Hercules, Medea and the Reality of Filicide
With many and varied stories attaching to the legendary hero, Herakles has from earliest times been an ambiguous figure, undertaking great feats as a benefactor of civilization but capable also of great atrocities, his morals and motivation frequently questionable, and the most shocking story of all concerning him must surely be the one in which he kills his own children.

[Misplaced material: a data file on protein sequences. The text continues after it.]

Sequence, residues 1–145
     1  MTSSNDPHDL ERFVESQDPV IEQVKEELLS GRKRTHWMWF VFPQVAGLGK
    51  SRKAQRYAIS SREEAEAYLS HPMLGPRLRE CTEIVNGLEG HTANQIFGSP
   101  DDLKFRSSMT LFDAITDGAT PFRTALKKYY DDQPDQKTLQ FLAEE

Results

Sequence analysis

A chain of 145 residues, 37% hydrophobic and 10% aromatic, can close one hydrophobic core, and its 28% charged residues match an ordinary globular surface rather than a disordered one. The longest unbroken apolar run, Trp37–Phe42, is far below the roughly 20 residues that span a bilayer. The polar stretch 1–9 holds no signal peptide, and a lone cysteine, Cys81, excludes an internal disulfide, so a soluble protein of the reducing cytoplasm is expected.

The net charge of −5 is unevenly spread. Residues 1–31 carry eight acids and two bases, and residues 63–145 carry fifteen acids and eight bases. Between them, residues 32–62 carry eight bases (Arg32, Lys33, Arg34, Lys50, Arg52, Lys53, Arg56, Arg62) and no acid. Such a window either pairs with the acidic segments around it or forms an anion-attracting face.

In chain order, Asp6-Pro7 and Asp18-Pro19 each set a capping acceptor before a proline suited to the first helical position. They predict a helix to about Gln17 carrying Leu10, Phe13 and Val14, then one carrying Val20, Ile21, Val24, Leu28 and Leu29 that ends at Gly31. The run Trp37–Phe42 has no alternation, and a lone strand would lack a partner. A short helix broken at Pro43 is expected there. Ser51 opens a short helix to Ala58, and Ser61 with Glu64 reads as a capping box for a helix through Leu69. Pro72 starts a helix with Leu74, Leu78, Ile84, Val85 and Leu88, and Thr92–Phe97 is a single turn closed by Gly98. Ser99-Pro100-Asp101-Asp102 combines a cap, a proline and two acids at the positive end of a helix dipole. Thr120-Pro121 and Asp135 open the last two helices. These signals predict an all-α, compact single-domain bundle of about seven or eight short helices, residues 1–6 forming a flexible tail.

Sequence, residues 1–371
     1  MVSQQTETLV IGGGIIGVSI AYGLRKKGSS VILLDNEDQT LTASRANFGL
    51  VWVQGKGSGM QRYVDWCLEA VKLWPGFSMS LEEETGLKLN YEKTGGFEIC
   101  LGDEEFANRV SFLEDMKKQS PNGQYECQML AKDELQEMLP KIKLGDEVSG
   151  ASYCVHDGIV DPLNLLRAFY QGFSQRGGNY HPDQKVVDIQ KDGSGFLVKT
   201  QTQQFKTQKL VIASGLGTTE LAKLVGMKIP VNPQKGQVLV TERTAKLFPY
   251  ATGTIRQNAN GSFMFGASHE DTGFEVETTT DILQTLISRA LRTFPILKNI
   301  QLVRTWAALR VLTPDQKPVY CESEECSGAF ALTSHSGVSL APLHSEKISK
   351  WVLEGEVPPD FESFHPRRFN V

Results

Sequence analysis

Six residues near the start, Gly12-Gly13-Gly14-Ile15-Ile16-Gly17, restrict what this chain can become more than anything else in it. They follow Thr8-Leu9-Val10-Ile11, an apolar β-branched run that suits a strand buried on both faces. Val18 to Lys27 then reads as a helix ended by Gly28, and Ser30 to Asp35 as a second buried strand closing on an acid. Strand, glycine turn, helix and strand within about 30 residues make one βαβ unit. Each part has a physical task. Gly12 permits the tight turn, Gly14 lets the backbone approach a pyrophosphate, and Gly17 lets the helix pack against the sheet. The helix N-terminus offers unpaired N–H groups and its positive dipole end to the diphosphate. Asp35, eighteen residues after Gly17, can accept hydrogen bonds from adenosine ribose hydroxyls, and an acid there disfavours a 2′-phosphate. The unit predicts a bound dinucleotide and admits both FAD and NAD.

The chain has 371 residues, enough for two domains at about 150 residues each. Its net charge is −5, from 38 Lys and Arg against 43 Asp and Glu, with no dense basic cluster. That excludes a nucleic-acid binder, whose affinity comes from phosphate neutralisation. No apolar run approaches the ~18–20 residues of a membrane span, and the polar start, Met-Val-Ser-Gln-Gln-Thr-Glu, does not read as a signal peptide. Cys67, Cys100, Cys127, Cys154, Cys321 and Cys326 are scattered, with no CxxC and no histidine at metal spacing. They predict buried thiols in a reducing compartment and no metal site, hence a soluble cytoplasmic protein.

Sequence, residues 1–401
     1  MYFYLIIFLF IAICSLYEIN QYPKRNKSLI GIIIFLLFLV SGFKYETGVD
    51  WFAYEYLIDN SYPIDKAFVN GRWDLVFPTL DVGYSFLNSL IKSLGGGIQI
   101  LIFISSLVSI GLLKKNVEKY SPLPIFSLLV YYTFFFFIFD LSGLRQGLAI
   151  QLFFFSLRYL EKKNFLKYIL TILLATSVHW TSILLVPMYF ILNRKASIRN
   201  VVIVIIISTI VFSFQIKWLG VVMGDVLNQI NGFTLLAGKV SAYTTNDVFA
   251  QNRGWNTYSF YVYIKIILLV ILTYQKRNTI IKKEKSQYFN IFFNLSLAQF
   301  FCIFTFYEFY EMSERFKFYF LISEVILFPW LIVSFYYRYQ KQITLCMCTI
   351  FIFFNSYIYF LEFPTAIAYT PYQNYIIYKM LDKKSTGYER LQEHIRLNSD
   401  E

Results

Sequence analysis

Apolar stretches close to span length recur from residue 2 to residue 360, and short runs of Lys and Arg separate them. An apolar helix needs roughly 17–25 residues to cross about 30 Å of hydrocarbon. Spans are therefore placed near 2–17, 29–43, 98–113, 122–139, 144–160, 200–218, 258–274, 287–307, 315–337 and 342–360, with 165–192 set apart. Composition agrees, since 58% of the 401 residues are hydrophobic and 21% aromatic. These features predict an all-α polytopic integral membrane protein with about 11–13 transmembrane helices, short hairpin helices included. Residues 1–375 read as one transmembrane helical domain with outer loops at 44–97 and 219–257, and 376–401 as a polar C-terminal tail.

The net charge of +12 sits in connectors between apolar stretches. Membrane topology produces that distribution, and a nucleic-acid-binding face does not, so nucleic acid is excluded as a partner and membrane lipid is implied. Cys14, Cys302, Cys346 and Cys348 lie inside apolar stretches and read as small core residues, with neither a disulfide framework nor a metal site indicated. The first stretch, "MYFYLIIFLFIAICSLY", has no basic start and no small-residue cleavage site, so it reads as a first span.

With the majority of modern interpretations choosing to ignore that act of filicide altogether, this paper considers those treatments which do include it or make allusion to it – chiefly productions of the Euripidean play that bears his name – and investigates why the occlusion of this aspect from mainstream offerings has been so successful. In particular, his trajectory through time into the present age is compared to that of Medea, another mythological figure who likewise had endless stories attaching to her but – in contrast – is now remembered almost solely for this one act that she and Herakles have in common: the murder of their own offspring. This is despite the evidence of statistics seeming to show that in real life a father is more likely to be the perpetrator of such an act than is the mother. This chapter draws on the relationship to real-life experience in seeking to explain our favoured image of Herakles.